Scotland is a place that seems to have it all, thanks to its vibrant culture and stunning scenery. Here are some of the most amazing things Scotland is renowned for in case you’re ready to explore the lush Scottish countryside, wave to highland cattle, and stroll through historic city streets.
One of the first things that come to mind when considering what Scotland is best known for is its stunning ancient castles. The nation is synonymous with this wonderful and symbolic fairytale landmark, from well-preserved buildings to subtle ruins. The country reportedly once had more than 3,000 castles!
As you can guess, finding medieval castles in Scotland is not difficult. In spite of the bustling city life all around you, Glasgow offers several opportunities for castle hopping, where you’ll feel like you’re stepping back in time. Visit the 13th-century Bothwell Castle, located conveniently on the River Clyde, and Crookston Castle, where you can enjoy breathtaking views from the roof.
Stirling Castle, a well-known building built in the eighth century and set atop Castle Hill, is located not far from the city. In the 1500s, Mary Queen of Scots was crowned at this fortress.
2. Highlands of Scotland
Undoubtedly one of the fascinating regions in the nation is the Scottish Highlands. The area is suited for road vacations, bicycle excursions, and hiking.
Discover nature in areas like Cairngorms National Park or Lake Lomond and the Trossachs National Park. Many people seek to climb Ben Nevis, the tallest peak in the UK, or travel a little farther to the beautiful Island of Skye, where you may trek the renowned Old Man of Storr, one of the best in the UK.
Another fantastic Highlands destination is Glencoe, where the valley offers an amazing driving route and multiple trailheads for exploring the area on foot. Visit the Highland Wildlife Park if seeing animals is on your bucket list; there, you can get a chance to see the Scottish wildcat.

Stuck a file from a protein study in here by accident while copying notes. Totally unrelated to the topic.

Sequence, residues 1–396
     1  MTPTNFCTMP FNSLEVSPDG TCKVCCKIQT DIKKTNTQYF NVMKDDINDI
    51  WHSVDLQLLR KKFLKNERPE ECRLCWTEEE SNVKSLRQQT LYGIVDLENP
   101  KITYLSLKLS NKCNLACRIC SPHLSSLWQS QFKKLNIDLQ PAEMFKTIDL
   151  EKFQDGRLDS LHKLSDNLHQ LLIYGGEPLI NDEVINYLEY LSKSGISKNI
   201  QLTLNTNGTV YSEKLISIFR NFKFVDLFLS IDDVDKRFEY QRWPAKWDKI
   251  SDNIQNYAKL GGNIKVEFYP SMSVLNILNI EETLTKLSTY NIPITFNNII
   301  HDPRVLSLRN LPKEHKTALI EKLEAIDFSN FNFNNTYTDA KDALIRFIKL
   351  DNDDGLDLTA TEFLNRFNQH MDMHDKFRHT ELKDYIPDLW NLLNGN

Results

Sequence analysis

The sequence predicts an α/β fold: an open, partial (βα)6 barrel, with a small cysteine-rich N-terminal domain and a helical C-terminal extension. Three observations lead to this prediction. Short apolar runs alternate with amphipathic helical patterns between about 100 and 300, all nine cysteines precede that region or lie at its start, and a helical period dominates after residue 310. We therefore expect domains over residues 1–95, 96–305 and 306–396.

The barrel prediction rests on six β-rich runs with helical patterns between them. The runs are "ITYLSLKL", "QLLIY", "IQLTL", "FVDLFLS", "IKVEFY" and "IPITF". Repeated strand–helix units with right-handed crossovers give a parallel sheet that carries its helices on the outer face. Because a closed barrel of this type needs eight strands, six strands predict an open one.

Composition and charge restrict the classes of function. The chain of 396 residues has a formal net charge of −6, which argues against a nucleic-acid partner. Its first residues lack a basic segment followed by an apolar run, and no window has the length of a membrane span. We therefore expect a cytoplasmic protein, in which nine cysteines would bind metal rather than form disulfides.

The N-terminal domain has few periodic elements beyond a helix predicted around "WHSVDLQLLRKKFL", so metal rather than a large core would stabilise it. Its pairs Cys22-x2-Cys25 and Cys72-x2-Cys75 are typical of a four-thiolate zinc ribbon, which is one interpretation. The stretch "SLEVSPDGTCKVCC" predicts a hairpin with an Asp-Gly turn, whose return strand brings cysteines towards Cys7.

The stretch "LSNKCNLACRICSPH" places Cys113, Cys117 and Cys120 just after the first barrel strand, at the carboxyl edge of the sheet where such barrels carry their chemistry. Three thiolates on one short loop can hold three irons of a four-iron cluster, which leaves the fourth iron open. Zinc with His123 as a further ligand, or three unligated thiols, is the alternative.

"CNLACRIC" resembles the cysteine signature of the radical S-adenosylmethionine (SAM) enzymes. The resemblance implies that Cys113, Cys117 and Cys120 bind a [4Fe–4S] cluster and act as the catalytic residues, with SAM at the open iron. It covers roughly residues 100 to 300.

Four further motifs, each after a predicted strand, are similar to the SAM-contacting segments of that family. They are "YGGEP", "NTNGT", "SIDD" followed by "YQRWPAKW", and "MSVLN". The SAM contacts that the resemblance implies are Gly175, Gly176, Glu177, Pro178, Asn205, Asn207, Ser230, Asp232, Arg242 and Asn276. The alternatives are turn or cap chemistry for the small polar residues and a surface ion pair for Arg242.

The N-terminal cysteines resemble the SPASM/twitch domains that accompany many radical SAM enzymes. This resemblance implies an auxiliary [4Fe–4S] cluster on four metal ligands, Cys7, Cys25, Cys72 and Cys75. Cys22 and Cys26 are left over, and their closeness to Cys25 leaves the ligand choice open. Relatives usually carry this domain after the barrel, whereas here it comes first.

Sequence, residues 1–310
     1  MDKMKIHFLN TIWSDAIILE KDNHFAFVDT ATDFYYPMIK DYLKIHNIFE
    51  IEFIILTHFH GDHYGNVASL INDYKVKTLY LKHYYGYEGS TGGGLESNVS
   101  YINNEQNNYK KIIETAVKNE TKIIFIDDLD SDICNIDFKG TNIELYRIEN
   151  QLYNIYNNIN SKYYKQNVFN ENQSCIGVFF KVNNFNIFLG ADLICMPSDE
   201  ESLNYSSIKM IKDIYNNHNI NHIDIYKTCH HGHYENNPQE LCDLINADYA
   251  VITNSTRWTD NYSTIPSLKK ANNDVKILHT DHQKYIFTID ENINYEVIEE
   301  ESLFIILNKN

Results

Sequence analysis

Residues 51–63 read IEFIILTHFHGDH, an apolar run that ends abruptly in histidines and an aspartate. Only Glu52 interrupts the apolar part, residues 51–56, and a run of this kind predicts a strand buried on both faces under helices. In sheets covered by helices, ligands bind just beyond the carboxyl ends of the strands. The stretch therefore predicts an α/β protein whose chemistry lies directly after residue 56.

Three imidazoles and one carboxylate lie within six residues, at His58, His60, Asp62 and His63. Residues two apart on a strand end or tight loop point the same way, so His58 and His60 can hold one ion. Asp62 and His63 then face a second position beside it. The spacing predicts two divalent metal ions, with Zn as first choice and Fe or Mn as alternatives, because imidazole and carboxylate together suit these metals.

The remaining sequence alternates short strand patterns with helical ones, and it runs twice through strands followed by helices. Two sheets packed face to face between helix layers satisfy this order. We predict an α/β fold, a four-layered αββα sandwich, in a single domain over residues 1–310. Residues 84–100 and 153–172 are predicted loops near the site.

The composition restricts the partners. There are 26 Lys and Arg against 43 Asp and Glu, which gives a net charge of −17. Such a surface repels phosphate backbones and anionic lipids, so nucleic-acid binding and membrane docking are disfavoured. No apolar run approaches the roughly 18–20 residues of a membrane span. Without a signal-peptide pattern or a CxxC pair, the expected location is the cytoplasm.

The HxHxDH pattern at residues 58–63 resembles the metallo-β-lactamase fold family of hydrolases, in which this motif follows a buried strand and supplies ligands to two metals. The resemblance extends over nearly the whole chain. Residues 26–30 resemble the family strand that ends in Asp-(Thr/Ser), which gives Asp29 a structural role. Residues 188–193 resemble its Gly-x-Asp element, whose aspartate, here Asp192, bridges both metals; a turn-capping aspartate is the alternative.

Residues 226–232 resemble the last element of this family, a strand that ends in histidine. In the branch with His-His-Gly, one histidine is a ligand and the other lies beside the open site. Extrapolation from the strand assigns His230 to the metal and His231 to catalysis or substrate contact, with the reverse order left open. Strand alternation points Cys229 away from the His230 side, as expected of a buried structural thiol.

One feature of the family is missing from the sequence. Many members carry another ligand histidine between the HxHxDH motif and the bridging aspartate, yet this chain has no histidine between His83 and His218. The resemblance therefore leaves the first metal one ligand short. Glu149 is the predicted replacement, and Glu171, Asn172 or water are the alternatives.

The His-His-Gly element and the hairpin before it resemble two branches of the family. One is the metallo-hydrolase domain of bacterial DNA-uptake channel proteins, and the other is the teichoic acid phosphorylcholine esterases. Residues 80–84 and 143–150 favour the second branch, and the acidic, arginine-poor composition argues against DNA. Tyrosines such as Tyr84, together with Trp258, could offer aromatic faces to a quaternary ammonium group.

3. Monster of Loch Ness
The Loch Ness Monster, who is purported to live in the waters of Loch Ness, is one of the most well-known things in Scotland. The first reported sighting of the “monster” dates back to 565 AD. It has been the subject of numerous rumors and possible sightings, and it frequently appears in books and movies.
Visit Loch Ness and go boating there to take part in the mystery. Maybe Nessie will even appear to you! Explore the history of the myth at the Loch Ness Centre and Exhibits, which details the monster’s history, odd sightings, and studies conducted in the Loch. You can make your own judgment about whether the Loch Ness monster is a genuine creature or a long-running hoax right here.
Scotland is frequently linked to bagpipes, which are well-known as the nation’s emblem. The Great Highland bagpipe, which has military roots, has a storied past in Scottish culture. The bagpipe is played as street music, in taverns, and as the background music for events and festivals, frequently in combination with fiddles and folk tunes.
One of the best ways to fully immerse yourself in a place’s culture is to listen to traditional Scottish music. At the National Piping Centre in Glasgow, learn more about the bagpipe’s rich history. More than 300 years of the instrument’s history are covered in the middle.
Scotland is renowned for its wide range of whisky variations. Visiting one of Scotland’s 109 distilleries is a great way to sample the local libation while you’re there. Scotch whiskey has been produced commercially since the 11th century.